Another problem for VLANs was that their highly touted advantage of reducing the system administration burden turned out to be debatable. Microsoft's introduction of Dynamic Host Configuration Protocol (DHCP) lessened the burden of managing TCP/IP networks by having servers allocate IP numbers during client boot-up, versus having to configure IP numbers at the client [McLean, 1998]. There is no getting around that major office moves or reorganizations are disruptive from an IT perspective. While VLANs offered a centralized approach to configuring the network, they did not eliminate the need to carefully plan out subnets based on loading and organizational functions. Computers must be relocated and physically connected to office LAN ports, presuming these ports are even available. This leaves one trying to figure out exactly what the time/cost savings offered by VLANs add up to in relation to the overall IT effort. The realistic utilization of some of the other scenarios discussed for VLAN applications, such as the quick segmentation of LANs for proposal teams, were infrequent at best. Finally, the fact that VLANs themselves add a layer of complexity to network management was often overlooked, and the investment necessary to train administrator's how to configure and operate VLANs could very well wipe out any advantage the VLANs may have offered over standard networks. One could argue that the whole concept of VLANs reducing the system administration burden was a forced problem/solution set fabricated by the marketing department.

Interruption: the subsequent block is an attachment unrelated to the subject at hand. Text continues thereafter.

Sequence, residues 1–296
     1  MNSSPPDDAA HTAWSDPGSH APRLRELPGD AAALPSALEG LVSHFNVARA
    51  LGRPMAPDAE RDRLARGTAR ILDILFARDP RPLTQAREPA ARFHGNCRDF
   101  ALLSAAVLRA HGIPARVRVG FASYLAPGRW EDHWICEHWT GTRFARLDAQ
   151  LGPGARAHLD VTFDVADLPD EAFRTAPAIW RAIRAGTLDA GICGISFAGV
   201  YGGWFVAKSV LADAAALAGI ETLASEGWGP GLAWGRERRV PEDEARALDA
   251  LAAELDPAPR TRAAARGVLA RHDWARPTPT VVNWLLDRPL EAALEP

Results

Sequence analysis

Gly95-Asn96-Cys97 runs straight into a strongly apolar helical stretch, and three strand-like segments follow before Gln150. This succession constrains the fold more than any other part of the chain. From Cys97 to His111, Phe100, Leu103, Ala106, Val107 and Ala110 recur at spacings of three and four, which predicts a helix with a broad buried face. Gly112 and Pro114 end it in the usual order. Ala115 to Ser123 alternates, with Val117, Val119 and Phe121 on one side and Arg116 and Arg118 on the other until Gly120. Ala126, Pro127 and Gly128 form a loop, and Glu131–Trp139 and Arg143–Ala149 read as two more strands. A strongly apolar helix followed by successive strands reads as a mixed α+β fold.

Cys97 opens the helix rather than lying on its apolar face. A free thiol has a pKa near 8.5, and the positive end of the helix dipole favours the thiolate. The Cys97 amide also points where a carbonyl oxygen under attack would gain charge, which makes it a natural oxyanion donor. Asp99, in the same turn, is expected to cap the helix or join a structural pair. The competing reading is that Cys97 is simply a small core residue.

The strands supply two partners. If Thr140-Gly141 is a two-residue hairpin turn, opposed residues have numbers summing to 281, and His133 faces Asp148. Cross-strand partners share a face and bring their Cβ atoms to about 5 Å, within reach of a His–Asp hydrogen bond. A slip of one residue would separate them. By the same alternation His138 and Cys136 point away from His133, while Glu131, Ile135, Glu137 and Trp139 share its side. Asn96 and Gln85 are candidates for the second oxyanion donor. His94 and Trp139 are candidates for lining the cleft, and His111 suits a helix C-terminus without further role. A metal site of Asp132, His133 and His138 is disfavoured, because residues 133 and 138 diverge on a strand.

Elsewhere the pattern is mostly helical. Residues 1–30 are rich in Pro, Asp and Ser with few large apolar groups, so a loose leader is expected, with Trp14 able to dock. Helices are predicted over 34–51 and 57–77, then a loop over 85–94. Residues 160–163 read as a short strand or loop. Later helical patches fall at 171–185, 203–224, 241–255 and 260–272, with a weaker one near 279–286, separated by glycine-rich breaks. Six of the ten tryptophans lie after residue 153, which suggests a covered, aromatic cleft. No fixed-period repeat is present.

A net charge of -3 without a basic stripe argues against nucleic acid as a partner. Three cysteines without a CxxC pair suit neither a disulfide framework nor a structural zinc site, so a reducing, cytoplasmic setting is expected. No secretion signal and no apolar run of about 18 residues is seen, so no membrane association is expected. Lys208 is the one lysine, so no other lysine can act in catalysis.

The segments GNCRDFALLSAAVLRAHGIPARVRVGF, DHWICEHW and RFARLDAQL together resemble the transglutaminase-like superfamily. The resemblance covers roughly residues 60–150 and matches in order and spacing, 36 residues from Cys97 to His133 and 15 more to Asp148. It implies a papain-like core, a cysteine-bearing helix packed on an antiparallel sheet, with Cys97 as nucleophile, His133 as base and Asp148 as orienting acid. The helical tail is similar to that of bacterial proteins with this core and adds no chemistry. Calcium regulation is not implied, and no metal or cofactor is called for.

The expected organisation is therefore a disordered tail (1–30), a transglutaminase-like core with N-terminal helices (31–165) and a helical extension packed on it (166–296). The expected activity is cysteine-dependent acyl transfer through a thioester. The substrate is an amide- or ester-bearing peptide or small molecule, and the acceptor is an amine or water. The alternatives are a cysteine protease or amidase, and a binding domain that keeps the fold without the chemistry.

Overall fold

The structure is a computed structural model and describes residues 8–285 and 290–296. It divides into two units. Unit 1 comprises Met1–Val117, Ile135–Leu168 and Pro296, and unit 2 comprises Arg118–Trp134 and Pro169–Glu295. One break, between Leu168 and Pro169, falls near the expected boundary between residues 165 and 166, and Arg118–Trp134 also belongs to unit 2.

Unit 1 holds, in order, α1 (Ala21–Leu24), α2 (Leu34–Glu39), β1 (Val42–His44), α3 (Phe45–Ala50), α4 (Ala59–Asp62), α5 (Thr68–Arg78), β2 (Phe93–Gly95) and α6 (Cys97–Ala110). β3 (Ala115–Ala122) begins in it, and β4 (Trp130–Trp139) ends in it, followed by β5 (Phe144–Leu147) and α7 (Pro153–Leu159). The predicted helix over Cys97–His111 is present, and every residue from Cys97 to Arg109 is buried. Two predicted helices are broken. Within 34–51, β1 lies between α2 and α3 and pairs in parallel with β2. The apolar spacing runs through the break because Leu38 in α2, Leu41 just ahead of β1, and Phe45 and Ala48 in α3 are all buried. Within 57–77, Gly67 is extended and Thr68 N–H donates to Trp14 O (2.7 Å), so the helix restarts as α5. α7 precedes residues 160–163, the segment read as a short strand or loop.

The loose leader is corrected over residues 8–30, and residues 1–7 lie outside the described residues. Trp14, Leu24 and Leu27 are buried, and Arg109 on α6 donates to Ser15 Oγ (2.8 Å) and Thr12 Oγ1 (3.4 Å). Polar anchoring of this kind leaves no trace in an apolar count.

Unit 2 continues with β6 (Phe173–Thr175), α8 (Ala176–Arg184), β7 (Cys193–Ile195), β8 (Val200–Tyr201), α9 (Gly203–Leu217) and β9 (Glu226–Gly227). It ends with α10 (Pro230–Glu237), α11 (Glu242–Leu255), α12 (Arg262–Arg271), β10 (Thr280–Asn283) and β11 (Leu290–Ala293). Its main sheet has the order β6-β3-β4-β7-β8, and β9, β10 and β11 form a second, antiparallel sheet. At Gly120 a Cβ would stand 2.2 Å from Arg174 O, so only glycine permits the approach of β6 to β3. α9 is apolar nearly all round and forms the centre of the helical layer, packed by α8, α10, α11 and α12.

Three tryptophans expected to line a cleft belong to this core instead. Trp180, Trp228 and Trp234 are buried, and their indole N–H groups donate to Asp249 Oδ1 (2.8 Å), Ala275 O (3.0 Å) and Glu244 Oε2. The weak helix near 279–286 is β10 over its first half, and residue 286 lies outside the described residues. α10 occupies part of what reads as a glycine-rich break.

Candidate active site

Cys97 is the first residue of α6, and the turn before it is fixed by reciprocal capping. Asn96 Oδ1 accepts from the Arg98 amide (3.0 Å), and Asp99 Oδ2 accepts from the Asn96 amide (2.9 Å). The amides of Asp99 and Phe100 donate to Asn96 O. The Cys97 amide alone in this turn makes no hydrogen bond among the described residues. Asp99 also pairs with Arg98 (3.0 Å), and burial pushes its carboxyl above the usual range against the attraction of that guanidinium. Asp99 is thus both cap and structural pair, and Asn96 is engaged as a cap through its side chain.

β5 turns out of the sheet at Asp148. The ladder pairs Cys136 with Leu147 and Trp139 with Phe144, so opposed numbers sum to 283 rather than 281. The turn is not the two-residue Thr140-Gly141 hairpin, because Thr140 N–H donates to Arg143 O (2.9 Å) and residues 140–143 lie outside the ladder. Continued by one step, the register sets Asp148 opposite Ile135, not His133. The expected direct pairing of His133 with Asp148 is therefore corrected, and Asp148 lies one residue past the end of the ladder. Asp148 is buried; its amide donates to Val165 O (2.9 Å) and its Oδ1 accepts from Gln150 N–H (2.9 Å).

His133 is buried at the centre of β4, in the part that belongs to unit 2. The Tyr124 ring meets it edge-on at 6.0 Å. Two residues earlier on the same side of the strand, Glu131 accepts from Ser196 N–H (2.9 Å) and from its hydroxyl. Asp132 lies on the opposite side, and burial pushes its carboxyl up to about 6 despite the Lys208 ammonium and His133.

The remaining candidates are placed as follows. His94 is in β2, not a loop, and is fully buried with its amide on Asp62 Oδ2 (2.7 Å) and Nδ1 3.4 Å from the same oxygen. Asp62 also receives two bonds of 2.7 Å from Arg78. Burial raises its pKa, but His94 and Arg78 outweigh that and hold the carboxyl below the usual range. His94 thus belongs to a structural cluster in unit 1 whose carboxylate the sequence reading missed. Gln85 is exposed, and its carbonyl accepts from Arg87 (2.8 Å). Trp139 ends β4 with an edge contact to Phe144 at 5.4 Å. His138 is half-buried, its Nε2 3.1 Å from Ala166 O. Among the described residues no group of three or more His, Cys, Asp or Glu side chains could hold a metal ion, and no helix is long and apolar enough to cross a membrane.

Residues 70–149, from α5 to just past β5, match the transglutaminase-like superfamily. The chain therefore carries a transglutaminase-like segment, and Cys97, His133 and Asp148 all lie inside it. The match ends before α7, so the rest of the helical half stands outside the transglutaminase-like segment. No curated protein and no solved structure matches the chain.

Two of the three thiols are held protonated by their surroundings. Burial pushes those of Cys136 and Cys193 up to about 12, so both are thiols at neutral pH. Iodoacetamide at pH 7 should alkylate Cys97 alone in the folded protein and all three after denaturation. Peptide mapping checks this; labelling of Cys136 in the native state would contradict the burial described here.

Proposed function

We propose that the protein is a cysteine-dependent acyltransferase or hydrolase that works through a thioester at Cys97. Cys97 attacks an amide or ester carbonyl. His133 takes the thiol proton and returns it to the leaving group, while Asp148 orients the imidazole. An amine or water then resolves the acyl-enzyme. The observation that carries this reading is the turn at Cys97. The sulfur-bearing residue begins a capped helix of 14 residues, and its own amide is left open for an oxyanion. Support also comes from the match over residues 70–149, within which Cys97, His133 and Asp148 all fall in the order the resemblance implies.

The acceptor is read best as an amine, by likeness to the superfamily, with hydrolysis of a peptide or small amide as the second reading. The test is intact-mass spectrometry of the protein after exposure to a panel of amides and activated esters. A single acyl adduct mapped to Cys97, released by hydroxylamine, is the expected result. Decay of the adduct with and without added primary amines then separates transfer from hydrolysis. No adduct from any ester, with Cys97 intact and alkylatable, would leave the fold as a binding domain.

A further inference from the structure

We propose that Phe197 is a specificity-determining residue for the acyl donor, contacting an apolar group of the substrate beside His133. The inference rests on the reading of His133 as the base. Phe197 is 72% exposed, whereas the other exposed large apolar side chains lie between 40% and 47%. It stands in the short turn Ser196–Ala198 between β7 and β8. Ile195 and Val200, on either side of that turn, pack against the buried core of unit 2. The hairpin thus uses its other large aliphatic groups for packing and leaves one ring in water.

VLANs also suffered from a lack of compatibility and standardization [McLean, 1998]. Organizations that deployed early versions of VLANs were handcuffed into using a single manufacturer's equipment. By the time a VLAN standard emerged, IEEE 802.1Q, the VLAN hype was over and the technology, while not forgotten, was often overlooked.